The British Embassy was previously closed (also for financial reasons) from 1975 to 1980. The Anglo-Malagasy Society are campaigning to have it re-opened once again.

People Population: 20,042,551 (July 2008 est.)
Age structure: 0-14 years: 43.7% (male 4,408,615/female 4,349,862)
15-64 years: 53.2% (male 5,298,805/female 5,371,764)
65 years and over: 3.1% (male 275,087/female 338,418) (2008 est.)
Median age: total: 17.9 years
male: 17.7 years
female: 18.1 years (2008 est.)
Population growth rate: 3.005% (2008 est.)
Birth rate: 38.38 births/1,000 population (2008 est.)
Death rate: 8.32 deaths/1,000 population (2008 est.)
Net migration rate: NA (2008 est.)
Sex ratio: at birth: 1.03 male(s)/female
under 15 years: 1.01 male(s)/female
15-64 years: 0.99 male(s)/female
65 years and over: 0.81 male(s)/female
total population: 0.99 male(s)/female (2008 est.)
Infant mortality rate: total: 55.59 deaths/1,000 live births
male: 60.59 deaths/1,000 live births
female: 50.45 deaths/1,000 live births (2008 est.)
Life expectancy at birth: total population: 62.52 years
male: 60.58 years
female: 64.51 years (2008 est.)
Total fertility rate: 5.19 children born/woman

MH-370 Debris Found Off Tanzania: But Still Not The Plane Or The People

(This article is courtesy of the Shanghai Daily News)

Debris off Tanzania from MH370 but plane’s fate still a mystery

A piece of aircraft wreckage found in June off Tanzania has been confirmed as coming from doomed MH370 flight, Malaysia said yesterday.

The debris, found on Pemba Island off the Tanzanian coast, is the latest piece of wreckage to be linked to the Malaysia Airlines jet, whose disappearance remains a mystery.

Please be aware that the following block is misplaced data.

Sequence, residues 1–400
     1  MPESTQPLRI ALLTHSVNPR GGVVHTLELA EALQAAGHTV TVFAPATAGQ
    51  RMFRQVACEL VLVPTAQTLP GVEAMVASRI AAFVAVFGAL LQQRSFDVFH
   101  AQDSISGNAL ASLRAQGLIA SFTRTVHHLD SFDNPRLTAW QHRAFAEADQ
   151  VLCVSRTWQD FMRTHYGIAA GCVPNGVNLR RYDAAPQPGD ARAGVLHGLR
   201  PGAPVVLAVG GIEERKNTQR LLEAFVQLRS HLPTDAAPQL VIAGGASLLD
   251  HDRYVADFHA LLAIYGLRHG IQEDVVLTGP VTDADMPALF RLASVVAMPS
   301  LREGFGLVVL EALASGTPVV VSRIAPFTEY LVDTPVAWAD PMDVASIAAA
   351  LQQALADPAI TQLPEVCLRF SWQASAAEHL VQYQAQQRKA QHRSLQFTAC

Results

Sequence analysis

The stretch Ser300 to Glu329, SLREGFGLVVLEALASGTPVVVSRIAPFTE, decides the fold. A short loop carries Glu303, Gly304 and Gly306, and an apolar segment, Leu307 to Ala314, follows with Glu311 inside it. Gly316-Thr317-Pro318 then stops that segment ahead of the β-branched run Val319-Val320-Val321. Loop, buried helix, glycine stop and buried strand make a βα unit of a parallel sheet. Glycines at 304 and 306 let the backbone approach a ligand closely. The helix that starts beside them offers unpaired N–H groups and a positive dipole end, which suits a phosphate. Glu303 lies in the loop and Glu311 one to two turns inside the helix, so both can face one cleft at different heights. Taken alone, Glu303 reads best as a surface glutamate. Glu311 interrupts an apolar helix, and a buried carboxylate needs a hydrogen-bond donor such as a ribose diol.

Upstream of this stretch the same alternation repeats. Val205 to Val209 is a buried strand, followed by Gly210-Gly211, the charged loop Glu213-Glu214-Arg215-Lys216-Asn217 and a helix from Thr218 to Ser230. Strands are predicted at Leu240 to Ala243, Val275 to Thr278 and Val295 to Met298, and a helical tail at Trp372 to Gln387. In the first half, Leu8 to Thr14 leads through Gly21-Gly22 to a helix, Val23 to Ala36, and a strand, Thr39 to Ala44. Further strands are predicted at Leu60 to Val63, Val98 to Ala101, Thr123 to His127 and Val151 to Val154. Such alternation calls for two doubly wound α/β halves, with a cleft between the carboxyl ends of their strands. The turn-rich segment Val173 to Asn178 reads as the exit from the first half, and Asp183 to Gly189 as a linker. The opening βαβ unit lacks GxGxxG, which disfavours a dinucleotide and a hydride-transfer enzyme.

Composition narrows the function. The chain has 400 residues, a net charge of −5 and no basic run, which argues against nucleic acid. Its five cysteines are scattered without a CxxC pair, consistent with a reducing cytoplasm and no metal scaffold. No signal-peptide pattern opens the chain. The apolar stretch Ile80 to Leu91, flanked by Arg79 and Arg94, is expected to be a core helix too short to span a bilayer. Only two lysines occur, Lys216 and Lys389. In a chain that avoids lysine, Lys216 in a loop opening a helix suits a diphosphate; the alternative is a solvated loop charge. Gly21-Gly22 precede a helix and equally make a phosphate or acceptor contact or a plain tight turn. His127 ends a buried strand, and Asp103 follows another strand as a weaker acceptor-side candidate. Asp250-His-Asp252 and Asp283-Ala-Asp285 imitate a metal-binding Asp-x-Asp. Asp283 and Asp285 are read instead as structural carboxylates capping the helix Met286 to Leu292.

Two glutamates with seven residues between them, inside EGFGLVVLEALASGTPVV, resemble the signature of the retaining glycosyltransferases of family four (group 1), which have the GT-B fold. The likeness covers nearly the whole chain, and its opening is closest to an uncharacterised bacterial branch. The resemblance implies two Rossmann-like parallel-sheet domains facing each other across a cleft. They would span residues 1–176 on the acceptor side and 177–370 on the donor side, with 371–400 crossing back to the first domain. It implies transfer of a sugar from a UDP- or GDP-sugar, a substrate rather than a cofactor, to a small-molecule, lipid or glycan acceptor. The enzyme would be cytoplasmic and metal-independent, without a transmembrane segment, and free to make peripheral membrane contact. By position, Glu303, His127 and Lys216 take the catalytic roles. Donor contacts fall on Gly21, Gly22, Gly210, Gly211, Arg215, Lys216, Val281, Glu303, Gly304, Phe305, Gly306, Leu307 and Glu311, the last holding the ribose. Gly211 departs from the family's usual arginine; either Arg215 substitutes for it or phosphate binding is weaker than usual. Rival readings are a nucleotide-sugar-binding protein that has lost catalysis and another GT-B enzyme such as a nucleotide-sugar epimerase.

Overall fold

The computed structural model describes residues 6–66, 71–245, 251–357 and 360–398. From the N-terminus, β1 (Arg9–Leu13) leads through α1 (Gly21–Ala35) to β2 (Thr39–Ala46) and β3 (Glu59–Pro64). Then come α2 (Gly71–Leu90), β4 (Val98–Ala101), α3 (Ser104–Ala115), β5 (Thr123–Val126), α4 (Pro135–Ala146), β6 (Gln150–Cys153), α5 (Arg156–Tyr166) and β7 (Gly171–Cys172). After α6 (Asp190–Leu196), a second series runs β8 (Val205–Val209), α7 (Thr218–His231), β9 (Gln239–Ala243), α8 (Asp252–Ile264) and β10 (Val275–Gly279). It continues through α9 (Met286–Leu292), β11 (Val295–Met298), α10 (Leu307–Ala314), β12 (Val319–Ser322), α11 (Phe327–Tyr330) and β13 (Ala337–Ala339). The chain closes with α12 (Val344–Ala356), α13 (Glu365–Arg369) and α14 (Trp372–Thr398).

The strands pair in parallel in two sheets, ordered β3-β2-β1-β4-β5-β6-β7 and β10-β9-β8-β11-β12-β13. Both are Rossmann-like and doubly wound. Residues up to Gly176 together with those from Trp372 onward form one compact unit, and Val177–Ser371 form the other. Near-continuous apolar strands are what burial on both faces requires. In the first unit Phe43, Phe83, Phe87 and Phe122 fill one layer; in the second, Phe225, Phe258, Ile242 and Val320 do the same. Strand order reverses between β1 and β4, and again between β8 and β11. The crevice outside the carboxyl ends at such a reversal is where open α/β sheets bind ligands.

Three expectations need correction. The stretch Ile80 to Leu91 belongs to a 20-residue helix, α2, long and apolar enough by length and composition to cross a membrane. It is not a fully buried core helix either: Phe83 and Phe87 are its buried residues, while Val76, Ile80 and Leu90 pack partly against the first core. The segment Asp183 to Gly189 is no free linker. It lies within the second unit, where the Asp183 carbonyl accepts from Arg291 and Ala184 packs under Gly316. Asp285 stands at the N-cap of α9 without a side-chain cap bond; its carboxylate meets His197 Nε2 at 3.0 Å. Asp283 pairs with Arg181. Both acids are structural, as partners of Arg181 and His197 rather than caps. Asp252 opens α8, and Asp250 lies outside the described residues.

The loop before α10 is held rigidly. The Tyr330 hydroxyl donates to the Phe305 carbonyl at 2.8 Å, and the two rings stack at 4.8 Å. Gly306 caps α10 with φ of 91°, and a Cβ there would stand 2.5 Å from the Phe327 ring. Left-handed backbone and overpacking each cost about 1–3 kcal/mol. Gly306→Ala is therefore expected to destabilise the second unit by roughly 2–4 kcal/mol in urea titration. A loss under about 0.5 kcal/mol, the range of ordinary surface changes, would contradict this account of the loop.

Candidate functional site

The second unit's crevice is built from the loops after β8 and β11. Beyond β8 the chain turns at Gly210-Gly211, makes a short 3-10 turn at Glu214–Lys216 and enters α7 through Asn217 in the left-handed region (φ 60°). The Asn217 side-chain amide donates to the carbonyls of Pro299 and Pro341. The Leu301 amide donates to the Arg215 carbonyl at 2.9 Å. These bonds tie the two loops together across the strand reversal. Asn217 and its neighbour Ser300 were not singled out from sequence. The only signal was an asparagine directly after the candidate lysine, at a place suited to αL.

Malaysia’s transport ministry said the piece of debris, which had been taken to Australia for expert analysis, was found to have part numbers, date stamps and other identifiers confirming it came from the Malaysia Airlines jet.

“As such, the experts have concluded that the debris, an outboard flap, originated from the aircraft 9M-MRO, also known as MH370,” a ministry statement said.

“Further examination of the debris will continue in hopes that evidence may be uncovered which may provide new insight into the circumstances surrounding flight MH370.”

Authorities had earlier said the piece of debris was “highly likely” to have come from MH370. However, the confirmation appears to have so far shed no fresh light on the plane’s fate.

The Malaysia Airlines jet was carrying 239 passengers and crew when it disappeared en route from Kuala Lumpur to Beijing on March 8, 2014. It is believed to have crashed into the Indian Ocean, but an extensive hunt off Australia’s west coast is drawing to a close with nothing yet found.

However, several pieces of debris that apparently drifted thousands of kilometers toward the African coast have been identified as definitely or probably from the Boeing 777.

Those finds have confirmed the plane went down but have so far shed no light on why and have fuelled questions over whether the official search is focused in the right area.

The Australian-led operation is scouring the seafloor within a remote 120,000-square-kilometer belt of the Indian Ocean where authorities believe the passenger jet went down.

The search is nearly finished, however, and families are bracing for it to be called off.

An American amateur investigator, Blaine Gibson, handed other possible MH370 debris to Australian officials on Monday, saying several pieces were blackened by flames, raising the prospect of a flash fire onboard.

Gibson, a lawyer who has traveled the world trying to solve the MH370 mystery, told Australian reporters the debris had washed up in Madagascar.